Careswitch embraces ReScript

Careswitch embraces ReScript

We're really excited to announce that Careswitch is embracing the ReScript programming language and community to build out its next generation platform of home care products and applications. If working with a new programming language and paradigm to improve the lives of family members and caregivers sounds interesting to you, we are hiring.

One of the most difficult decisions to make as an early-stage startup is committing to a particular tech stack and ecosystem to build products that will last longer than you anticipate—the fear of lock-in is palpable, not to mention all the risks associated with stepping outside the comfort zone of mainstream development. Erik Meijer visualized this well by describing two extremes of programming languages: those that are unsafe and pragmatic and make companies lots of money and those that are luxurious and pure and find themselves often relegated to ivory tower, academic circles. If a language like JavaScript is at the pragmatic end of the spectrum, then a language like PureScript is often on the other end. Of course there are many alternatives along this spectrum (including TypeScript), and we believe ReScript is making some of the most attractive tradeoffs between embracing the existing JavaScript ecosystem and not shying away from functional programming and strong typing.

As a company that has previously embraced TypeScript React across web and native development, we felt it was important to clearly understand the differences and tradeoffs between TypeScript and ReScript. Going into the evaluation we had convictions around a couple of items:

  • Long-term maintainability was at least just as important as short-term productivity and velocity—we couldn’t easily justify another major refactor or rewrite: the only way to go fast, is to go well.
  • We wanted to continue to leverage React across web and native to tap into the rich ecosystem of libraries and tools, as well as conserve most of our runtime intuitions around component hierarchies, flow of state, and the React rendering model in general. (You can make an argument that React is based on other, possibly superior architectures. Ultimately, we decided that the greatest improvements we could make were to the static build-time aspect of development, not so much the runtime).

At the end of our evaluation, we ended up making the decision to go with ReScript based on 2 main reasons:

  • By being explicitly designed as a superset of JavaScript, TypeScript will always find itself beholden to the idiosyncrasies, nuances, and constraints of the underlying JavaScript language. It’s a valiant effort that will continue to improve, be a good fit for many codebases, and provide just the right amount of guardrails those teams require, but at the end of the day you’re still writing JavaScript with type annotations and all the gotchas that come with it. Take a peek through the looking glass at a TypeScript declarations file (`.d.ts`) for your favorite libraries. The common argument that functional programming syntax is strictly harder to understand may lose some of its weight.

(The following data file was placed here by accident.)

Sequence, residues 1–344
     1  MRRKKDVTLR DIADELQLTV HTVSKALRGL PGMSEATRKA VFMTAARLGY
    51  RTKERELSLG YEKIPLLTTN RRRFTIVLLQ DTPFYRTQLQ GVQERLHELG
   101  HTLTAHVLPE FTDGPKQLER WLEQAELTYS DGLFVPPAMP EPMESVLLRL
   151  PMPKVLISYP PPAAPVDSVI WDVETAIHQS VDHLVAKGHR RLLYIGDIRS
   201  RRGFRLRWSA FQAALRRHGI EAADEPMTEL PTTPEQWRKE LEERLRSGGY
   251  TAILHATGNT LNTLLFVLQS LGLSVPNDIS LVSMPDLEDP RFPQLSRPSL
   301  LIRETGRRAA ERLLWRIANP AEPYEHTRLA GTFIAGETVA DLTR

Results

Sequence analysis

• At the end of the day, ReScript compiles to human-readable JavaScript. When the code runs in the browser, it may be hard to tell that ReScript was used at all. Using a language that has first-class support for React while providing much stronger guarantees during build-time around types and the flow of your state with fantastic ergonomics like exhaustive pattern matching and first-class algebraic data types like records and variants was, for us, worth the tradeoff of the functional programming learning curve and having to put in the additional upfront cost of writing bindings for our favorite JS libraries.

We will dedicate another blog post in the future that will dive into the details of ReScript and how we’re adopting it at Careswitch to build and ship products. We will also discuss our plans to contribute back to the community, starting off with maintaining and publishing bindings that will allow other ReScript engineers to interop with existing JS libraries we use such as Headless UI, Luxon, and Next.js. We’re thrilled to be joining a fantastic community of companies and engineers working to build functional yet pragmatic applications that dare to have your cake and eat it too.